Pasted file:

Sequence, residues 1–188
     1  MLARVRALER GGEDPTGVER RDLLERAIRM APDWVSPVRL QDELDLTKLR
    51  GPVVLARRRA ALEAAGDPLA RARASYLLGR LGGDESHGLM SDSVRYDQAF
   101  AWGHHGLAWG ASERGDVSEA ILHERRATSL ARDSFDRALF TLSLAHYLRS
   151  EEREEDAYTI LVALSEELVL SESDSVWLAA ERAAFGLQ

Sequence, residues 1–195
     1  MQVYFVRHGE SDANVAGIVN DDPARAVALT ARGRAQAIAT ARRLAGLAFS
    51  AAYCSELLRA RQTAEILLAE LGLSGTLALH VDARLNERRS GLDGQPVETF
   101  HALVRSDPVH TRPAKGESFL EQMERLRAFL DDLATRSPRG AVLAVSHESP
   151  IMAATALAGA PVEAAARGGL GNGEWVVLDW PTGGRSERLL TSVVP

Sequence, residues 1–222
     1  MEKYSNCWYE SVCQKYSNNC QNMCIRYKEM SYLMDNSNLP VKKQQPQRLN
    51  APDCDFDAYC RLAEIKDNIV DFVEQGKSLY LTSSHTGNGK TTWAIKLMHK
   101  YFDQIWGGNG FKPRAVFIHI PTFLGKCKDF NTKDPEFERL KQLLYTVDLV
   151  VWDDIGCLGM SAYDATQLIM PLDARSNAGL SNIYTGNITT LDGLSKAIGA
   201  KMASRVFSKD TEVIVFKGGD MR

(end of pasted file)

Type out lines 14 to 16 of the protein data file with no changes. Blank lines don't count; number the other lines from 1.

   101  YFDQIWGGNG FKPRAVFIHI PTFLGKCKDF NTKDPEFERL KQLLYTVDLV
   151  VWDDIGCLGM SAYDATQLIM PLDARSNAGL SNIYTGNITT LDGLSKAIGA
   201  KMASRVFSKD TEVIVFKGGD MR